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Okay, the headline’s clickbait. “Mario gets dirty” conjures up images other than the Italian’s new bike. This is for two reasons. Mario Cipollini has a reputation, and it’s not for riding gravel. His namesake brand’s latest bike, the MCM All Road, is aiming for the brass ring of drop-bar bikes. A bike that is “racey” and lively on the road, but with the tire clearance and capability for real gravel riding. It’s a hot category right now, as the designation “all road” makes obvious. There are other bikes, wheels and apparel already named “all road.” While who actually owns that trademark is unclear, what is clear is that very few of those products get close to that brass ring. Can the famous Italian bunch sprinter and Lothario create a relevant gravel bike?
• Unlike Cipollini’s usual single monocoque construction the MCM All Road is tube to tube construction.
• The bike has incredibly racey geometry, making it a performance gravel bike and very capable on the road.
• Despite the racey angles the MCM All Road fits a 40mm tire, making it a ‘real’ gravel bike.
• The extravagant use of ultra high modulus T1000 carbon makes this bike all Cipollini.
Anytime we see one of these bikes claiming road-and-gravel chops we look straight to tire clearance. Most max out at 38mm or less, which can indeed handle a lot of gravel but will get overmatched in truly soupy stone. To us, a “real” gravel bike needs to accept a 40mm tire, and this Cipollini, this bike named for a rider who likely won every race on 23mm tires, can fit a 40mm tire. That’s a big check mark.
The original Cipollini bikes were made famous not just for their Italian manufacturing but because they were true monocoques, a single mold, head tube to rear drop out. That is an extravagant way to make a bike, which in turn gave Cipollini bikes a sublime ride and an astronomical price tag. This new bike, the MCM All Road, is not a monocoque; it uses tube-to-tube construction, a process favored by smaller manufacturers like Alchemy or DeAnima. Tubes are made, then tacked up with epoxy, before being overwrapped with carbon. It’s not inherently inferior to a monocoque, but it does typically result in a slightly heavier frame than a monocoque equivalent. A medium MCM All Road frame weighs 1,180 grams, 230 grams more than an RB1K.
But don’t worry, this Cipo is extravagant in its material—T1000 carbon, the same carbon used in the RB1K. We like the description we found from an aerospace engineer named Onur Miskbay: “T1000 is a niche product mainly used for aerospace applications. The high stiffness improves dimensional stability, which is particularly important in space applications where even a minute deviation from calculated route can have dramatic effects.” We’d say a “minute deviation from calculated route” can have a dramatic effect during a gravel ride too! As important as that “dimensional” stability is to a bike’s power transfer and handling, we need a bit of well-balanced vertical damping for handling up front, rider comfort and keeping the rear wheel in contact with the ground, no matter what the surface. Kevlar inserts in the fork and dramatically flattened seatstays help provide that balanced damping and durability.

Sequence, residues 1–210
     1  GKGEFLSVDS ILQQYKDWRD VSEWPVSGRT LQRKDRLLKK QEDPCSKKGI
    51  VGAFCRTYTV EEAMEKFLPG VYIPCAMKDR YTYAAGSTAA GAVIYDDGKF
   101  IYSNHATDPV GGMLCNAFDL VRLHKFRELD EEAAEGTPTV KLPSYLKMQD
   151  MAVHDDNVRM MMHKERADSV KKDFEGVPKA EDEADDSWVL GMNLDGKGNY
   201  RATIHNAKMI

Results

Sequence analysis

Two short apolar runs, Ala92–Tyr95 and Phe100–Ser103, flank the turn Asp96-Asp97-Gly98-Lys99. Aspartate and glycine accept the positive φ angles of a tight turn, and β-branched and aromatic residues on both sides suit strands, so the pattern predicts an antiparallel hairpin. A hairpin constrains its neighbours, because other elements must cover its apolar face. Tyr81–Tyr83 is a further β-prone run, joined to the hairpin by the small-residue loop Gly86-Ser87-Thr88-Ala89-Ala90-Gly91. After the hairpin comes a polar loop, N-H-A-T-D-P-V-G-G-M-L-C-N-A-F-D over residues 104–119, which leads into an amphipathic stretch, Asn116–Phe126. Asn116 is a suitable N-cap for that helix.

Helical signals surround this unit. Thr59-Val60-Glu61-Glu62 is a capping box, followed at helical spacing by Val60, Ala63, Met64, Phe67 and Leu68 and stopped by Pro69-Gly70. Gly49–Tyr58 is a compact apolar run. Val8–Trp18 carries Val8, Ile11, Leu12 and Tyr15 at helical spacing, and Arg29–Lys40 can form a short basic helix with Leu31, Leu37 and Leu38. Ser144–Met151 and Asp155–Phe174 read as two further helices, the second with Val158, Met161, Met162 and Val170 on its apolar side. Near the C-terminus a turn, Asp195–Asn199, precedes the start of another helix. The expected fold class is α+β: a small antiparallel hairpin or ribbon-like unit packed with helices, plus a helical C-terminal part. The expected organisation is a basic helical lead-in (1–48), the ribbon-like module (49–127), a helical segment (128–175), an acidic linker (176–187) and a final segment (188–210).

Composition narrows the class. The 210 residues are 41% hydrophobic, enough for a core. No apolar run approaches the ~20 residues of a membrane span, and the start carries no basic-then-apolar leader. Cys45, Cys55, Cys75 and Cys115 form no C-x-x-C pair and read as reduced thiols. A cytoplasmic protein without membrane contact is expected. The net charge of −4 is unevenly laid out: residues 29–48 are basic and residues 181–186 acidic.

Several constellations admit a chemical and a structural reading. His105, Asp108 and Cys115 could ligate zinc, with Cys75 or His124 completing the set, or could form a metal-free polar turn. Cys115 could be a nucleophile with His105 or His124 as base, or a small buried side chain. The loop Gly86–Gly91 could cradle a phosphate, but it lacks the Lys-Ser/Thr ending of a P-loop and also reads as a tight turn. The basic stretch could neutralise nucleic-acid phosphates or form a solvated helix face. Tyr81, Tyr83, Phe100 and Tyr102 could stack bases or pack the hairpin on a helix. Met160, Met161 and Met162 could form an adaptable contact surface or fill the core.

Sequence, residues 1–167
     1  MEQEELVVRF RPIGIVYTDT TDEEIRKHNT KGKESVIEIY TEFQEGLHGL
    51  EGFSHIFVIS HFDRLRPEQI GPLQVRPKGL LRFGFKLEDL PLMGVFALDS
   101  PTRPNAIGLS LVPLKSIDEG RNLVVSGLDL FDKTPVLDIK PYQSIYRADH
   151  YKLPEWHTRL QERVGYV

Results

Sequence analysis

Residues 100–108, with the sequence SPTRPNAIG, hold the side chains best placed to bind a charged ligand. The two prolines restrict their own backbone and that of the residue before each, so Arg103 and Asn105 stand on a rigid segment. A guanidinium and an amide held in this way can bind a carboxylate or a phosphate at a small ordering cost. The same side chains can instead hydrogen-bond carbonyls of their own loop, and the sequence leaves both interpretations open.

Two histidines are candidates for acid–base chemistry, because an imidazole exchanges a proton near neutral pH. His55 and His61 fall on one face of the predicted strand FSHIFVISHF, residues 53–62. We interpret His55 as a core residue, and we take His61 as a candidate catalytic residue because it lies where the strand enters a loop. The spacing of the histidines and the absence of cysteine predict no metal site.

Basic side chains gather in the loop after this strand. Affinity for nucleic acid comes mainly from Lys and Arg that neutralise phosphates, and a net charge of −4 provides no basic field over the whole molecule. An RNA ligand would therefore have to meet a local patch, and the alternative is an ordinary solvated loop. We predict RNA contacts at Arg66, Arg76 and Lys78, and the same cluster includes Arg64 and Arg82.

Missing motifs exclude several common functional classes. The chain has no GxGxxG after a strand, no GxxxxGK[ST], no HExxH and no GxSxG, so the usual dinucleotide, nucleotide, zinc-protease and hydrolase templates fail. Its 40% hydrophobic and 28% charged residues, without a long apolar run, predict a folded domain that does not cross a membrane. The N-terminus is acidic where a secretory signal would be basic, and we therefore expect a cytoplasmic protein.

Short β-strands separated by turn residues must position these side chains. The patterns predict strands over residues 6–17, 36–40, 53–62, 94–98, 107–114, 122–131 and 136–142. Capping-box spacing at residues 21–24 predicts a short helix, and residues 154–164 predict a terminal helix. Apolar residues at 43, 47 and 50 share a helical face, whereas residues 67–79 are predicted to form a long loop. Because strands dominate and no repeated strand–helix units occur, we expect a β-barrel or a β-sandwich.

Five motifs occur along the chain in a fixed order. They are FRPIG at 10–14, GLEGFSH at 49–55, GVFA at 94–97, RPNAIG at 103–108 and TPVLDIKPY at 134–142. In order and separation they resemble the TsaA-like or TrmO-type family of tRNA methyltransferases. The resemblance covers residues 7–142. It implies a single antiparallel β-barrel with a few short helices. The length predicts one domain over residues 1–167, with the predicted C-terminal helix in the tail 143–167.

The MCM All Road’s geometry gets us excited. The chainstays are just 417mm; that’s very tight for a bike with 700c wheels, without a fancy dropped chainstay and with 40mm clearance. Compared to Cipo’s other road bikes, the bottom bracket has been dropped a few millimeters, the head angle just barely relaxed and the front center shortened a touch for a heartbeat less reach. These are aggressive numbers for a gravel bike.
Our test bike was built with SRAM Red eTap and came with 67mm-deep Ursus Miura wheels weighing 1,670 grams, but the bike would be better served with some shallower Miura TC37s at just 1,520 grams. As built, the size large weighed 18.2 pounds. This RED eTap build is approximately $11,500 and a frameset is $4,490.
Just as we’ve learned with every Cipo bike, the MCM All Road is flashy and expensive but, damn, it’s a good bike. Don’t write them off as expensive status symbols. Mario knows what makes a bike ride well and the engineers know how to build it. We have not ridden another bike that feels so fast and lively, so agile and efficient on the road, that can then turn down a dirt path and feel equally at home, providing the confidence and capability to truly attack any gravel race. The longer rear end, lower bottom bracket and slightly slackened angles provide the planted feeling so critical over loose surfaces, but everything is short enough and steep enough to still feel race-ready and aggressive. Somehow, Cipollini did this with clearance for 40mm tires. Amazing.
The bike’s rear end is very effective at smoothing the ride and keeping the rear wheel down. The custom seat tube is not a full aero shape, and with some good extension provides significant rearward damping. It also does not slip—a headache you won’t need to worry about with the MCM All Road. To be fair, this is a gravel race bike. Don’t expect to load it up with panniers and fenders; there are no mounts for those. Don’t expect a laid-back, plush ride like a Domane or Diverge. Compared to those, it is aggressive and stiff and won’t enjoy rocky, steep single track. But what else would we expect from Mario? The MCM All Road is an absolutely gorgeous gravel race bike from the heart of Italy. It’s also the most successful bike we’ve yet ridden at straddling the road/gravel divide.
18.2 lbs/8.2kg (as built);size LG w/o pedals or cages
Build: SRAM Red eTap, Ursus Miura TC67 wheels with Schwalbe G-One Speed 38mm tires,
Deda Superleggera bar & stem, Pro Logo saddle